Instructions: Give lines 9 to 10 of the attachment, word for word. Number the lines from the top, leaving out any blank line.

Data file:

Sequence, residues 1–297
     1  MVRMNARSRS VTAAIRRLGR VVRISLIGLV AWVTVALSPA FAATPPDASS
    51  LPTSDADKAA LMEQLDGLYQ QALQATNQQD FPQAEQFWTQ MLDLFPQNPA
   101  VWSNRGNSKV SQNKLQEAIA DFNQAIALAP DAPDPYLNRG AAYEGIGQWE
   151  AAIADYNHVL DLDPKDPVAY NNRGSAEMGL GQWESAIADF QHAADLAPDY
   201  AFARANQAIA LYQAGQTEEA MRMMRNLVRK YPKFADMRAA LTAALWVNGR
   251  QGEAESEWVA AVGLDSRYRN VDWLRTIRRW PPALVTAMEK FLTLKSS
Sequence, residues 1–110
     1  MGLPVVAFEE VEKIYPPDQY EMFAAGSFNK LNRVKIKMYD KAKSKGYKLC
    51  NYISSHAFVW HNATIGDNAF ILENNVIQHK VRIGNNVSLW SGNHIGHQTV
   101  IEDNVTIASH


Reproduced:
     1  MGLPVVAFEE VEKIYPPDQY EMFAAGSFNK LNRVKIKMYD KAKSKGYKLC
    51  NYISSHAFVW HNATIGDNAF ILENNVIQHK VRIGNNVSLW SGNHIGHQTV